Armory’s ‘Lockbox’ Brings Multisig to Storage, Escrow and More
Open-source wallet management platform Armory Technologies has released Lockbox, a new feature it claims is the world’s first decentralised multi-signature interface for bitcoin.
Version 0.92 of the Armory client now has a new user interface that allows users to carry out multi-signature transactions, offering claimed “high-security storage”, as well as opening up new possibilities for bitcoin contracts and escrow services.
The Armory client lets users manage multiple wallets and maintain offline wallets, as well as other features.
Armory says its new Lockboxes do not require any third-party services and that they give users complete control over the generation and storage of all cryptographic keys.
Furthermore, each Armory signing device can generate its own wallet even when it is offline – a useful feature for keeping bitcoin in ‘cold storage’, away from the inherent risks of Internet-linked devices.
The company says Lockboxes are very flexible, allowing users to choose any multi-signature combination from 1-of-2 up to 7-of-7, with each increase requiring more signatures to release funds from the wallet.
The company said:
“There are many possible ways to use lockboxes. A basic 2-of-2 scheme may be appropriate for a husband and wife who want their savings to require both of their signatures. A complex 5-of-7 scheme may be appropriate for a large financial institution or hedge fund desiring to widely distribute signing authority among trusted executives, trustees, or even insurance providers.”
Armory says that most other multi-signature services only provide a single type of multi-signature and also require third-party services or signers. The fact that such systems generate multiple private keys on the same system, which then pass through the same channel, creates a “point of failure” in the system, the company asserts.
Armory 0.92 also features support for simultaneous funding or ‘simulfunding’, which is basically a simple bitcoin contract. All parties involved in a funding effort need to specify how much they are willing to contribute, then combine the contributions into a single contract-backed transaction.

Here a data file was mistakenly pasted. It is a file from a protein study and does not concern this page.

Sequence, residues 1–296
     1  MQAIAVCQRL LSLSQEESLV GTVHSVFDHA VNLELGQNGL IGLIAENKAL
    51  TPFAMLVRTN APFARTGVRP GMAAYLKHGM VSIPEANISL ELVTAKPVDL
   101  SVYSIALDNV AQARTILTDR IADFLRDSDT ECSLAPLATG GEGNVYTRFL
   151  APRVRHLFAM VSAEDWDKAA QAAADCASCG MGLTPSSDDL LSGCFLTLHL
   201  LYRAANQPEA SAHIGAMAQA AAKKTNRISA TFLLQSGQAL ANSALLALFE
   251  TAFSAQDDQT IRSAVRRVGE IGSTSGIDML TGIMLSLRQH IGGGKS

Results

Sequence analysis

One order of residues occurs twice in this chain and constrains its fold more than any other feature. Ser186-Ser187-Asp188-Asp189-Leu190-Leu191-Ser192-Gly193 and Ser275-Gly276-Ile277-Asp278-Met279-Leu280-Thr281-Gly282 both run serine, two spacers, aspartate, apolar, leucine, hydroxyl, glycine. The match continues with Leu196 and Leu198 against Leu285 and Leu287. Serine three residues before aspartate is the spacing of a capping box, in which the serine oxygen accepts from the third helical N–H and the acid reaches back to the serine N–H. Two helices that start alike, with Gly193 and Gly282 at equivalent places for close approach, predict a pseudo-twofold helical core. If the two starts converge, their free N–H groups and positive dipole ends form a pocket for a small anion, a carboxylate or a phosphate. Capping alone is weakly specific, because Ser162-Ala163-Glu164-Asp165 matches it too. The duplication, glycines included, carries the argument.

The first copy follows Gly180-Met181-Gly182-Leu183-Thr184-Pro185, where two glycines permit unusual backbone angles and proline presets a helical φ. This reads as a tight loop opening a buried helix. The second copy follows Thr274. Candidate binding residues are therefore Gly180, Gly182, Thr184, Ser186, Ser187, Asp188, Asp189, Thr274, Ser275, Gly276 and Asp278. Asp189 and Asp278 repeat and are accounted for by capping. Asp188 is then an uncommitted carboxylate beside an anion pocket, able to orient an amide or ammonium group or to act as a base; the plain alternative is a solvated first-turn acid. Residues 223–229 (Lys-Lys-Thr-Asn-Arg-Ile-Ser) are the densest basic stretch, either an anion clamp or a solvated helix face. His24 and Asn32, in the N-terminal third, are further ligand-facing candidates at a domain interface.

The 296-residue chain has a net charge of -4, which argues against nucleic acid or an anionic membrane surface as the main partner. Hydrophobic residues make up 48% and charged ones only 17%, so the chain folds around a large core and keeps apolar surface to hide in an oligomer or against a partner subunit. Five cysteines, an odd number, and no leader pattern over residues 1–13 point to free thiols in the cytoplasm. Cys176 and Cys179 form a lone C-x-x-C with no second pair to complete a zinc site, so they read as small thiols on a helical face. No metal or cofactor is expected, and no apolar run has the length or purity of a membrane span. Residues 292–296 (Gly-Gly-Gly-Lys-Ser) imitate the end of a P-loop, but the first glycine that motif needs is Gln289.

The transaction is finalized only when the contract is executed in full, in which case, all the funds are transferred at the same time. If the contract is not executed, no transaction takes place. The bitcoin network enforces the agreement, eliminating the need for trust between the parties.
The company said:
“Armory is the first wallet to implement this powerful feature and make it accessible to advanced users. Additional use cases could include crowdfunding, donation drives or even roommate rent collection.”
Armory is demonstrating the simulfunding feature with a donation drive valued at 20 BTC, with the funds going to the Electronic Frontier Foundation, the Free Software Foundation and the College Cryptocurrency Network. Armory promises to match the donations with a further 20 BTC contribution of its own.
The company says it is on track to release Armory version 1.0 soon and that it will include a new API for enterprise integration and a ‘supernode’ mode that it claims will “replace the need for third-party services in your bitcoin management platform”.
Combination lock image via Shutterstock.